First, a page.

I’ve been spending lots of time these past few weeks focused on kids and outdoors. Part of my time was actually being outdoors: in the very rare snow that we had last week. In the freezing cold temps. Hanging out in the yard around the fire. Hiking with the kids.

Part of my time was spent talking about kids and outdoors: with Austin Children in Nature Coalition discussing ways to increase kids time outdoors. Watching the film Play Again, an amazing documentary that took 6 kids away from their video world and introduced them to the outdoors.

In all of this play and discussion and sharing of ideas, the word inspiration keeps coming up. When I’m actually outdoors and spending time with the kids I am continually amazed by the inspiration I find in our whole experience. Being outdoors with them also inspires lots of stories of my own youth – times of play, sledding, swimming, skating, just being in the outdoors. I am inspired too by their own stories. Their own sharing of the inspiration they find. The ideas they concoct. The places they create and their pure love of the air they breathe and the plants and the rocks and the wildlife they see.

What I’m realizing, is that for most people, whether they grew up in a city apartment building or on a 1000 acre ranch or on a tropical island far, far away, there was a place, or a person, or a moment in their childhood that inspired their own love of and connection to the natural world. I’m curious about that piece of the natural connection. What was your inspiration? Where were your magical outdoor places? Be it a 14th Floor apartment window staring at the moon, or a tree growing up through a suburban sidewalk, or a stretch of abandoned dirt road that went on for miles on end – where did you go to connect to nature? And what did you discover about yourself when you were there?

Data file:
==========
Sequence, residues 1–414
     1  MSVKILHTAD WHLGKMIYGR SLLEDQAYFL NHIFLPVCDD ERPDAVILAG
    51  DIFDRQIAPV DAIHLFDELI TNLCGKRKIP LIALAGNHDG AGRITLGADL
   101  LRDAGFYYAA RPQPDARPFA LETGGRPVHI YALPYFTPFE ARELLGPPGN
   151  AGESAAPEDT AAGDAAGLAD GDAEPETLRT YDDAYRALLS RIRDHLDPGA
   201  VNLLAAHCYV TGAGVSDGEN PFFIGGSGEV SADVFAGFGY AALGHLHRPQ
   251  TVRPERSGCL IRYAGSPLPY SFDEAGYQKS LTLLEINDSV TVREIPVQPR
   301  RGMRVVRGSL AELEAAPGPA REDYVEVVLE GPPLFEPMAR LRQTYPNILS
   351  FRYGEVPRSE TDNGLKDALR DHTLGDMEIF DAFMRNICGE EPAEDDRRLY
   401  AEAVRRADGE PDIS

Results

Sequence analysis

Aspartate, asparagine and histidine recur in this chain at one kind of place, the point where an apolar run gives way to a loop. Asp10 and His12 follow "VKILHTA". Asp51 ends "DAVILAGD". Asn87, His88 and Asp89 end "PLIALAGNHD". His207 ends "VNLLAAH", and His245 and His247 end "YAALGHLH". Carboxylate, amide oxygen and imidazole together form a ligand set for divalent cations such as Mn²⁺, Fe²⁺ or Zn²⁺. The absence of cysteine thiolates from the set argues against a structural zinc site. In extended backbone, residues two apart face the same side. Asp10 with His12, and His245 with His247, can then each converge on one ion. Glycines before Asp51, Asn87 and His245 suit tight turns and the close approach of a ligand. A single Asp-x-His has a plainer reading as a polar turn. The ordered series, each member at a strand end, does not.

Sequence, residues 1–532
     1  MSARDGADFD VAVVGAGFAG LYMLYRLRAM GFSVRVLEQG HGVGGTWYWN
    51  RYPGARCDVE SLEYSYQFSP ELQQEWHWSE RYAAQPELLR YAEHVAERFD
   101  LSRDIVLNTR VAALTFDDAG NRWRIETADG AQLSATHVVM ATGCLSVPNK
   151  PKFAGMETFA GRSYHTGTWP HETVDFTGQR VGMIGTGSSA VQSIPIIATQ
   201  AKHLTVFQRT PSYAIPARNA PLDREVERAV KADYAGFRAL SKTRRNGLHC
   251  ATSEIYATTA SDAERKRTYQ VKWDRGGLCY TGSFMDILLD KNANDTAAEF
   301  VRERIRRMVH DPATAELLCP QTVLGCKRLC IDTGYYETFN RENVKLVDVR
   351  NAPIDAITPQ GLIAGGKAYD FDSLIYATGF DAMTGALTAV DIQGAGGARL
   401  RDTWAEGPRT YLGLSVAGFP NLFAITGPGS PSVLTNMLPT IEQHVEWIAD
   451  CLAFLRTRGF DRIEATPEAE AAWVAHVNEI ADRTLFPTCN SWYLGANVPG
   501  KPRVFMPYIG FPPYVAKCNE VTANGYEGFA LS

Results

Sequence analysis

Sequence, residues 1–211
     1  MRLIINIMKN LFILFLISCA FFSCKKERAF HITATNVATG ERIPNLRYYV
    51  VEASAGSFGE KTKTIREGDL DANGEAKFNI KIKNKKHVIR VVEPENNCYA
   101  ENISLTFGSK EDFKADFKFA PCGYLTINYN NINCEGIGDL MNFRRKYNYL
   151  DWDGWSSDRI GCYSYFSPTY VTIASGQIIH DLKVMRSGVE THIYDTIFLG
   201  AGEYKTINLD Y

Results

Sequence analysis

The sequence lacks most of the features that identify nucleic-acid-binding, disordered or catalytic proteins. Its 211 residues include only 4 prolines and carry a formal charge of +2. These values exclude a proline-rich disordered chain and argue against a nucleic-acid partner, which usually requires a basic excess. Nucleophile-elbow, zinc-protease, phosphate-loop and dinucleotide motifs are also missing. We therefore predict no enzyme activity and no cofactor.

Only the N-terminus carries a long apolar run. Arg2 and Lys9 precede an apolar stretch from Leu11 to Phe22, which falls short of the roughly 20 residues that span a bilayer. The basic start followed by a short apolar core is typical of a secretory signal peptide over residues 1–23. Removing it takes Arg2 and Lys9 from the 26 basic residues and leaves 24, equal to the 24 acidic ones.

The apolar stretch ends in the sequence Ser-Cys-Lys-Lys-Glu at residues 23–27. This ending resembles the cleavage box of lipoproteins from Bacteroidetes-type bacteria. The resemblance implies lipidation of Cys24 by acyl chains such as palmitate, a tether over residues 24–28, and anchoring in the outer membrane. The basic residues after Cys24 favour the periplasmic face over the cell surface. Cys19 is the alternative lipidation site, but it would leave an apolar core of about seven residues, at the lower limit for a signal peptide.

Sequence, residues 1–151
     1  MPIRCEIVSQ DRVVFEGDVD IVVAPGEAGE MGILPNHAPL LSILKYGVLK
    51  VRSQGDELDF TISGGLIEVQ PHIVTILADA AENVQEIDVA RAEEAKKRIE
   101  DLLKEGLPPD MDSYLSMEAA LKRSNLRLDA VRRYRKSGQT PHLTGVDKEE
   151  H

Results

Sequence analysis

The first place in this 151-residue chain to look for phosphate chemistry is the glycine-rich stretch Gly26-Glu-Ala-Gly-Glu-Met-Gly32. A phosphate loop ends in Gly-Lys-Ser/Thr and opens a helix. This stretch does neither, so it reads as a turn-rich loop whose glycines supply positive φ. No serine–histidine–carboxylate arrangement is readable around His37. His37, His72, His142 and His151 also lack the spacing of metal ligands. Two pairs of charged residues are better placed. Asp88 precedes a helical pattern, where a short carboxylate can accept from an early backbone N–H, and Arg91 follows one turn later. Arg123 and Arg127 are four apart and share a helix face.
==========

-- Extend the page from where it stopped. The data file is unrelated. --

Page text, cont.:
For me it was Snake Mountain, Holstein’s pond, Hussa Pond and Indian Lake. I am lucky that all of these places still exist as natural spaces and have even been preserved recently so that they will always stay natural places. In those places I learned to climb trees and rocks, ice skate, dig for clay in the muddy banks, paddle a canoe, balance on a fallen log, and just be. Just lay on my back on the moss or on the frozen pond or even on the bottom of the canoe, staring up into the sky, the trees, listening to the geese fly overhead or watch the robins build their nests or taste the water dripping from the end of a melting icicle.

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While I do get to bring my own children to those very same places each year, it is the feeling of those places that I get to share with my children every single time we are outdoors – wherever we may be. Those feelings of connection to the self. To the outdoors. To the trees and the sky and the plants all around me. And to the people I’m with.

Try it. Try going outdoors with your kids or with yourself. Try laying on your back looking up at the sky. Try connecting to the feelings of your own childhood magical places. And try sharing those stories with the people around you. The feeling of connection you’ll find is like no other.